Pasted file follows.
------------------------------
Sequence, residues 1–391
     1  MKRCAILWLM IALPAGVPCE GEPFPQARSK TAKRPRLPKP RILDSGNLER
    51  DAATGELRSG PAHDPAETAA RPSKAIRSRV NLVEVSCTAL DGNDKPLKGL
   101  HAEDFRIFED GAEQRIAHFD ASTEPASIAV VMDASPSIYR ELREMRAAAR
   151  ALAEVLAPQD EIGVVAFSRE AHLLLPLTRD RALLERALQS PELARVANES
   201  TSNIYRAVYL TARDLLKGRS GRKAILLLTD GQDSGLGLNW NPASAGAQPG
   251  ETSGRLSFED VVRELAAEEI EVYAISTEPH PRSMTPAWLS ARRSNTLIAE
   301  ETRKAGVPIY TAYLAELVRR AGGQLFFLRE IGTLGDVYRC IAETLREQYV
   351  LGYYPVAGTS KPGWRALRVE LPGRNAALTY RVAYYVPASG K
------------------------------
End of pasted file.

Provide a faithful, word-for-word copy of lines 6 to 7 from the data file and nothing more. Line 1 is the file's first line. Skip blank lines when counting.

   201  TSNIYRAVYL TARDLLKGRS GRKAILLLTD GQDSGLGLNW NPASAGAQPG
   251  ETSGRLSFED VVRELAAEEI EVYAISTEPH PRSMTPAWLS ARRSNTLIAE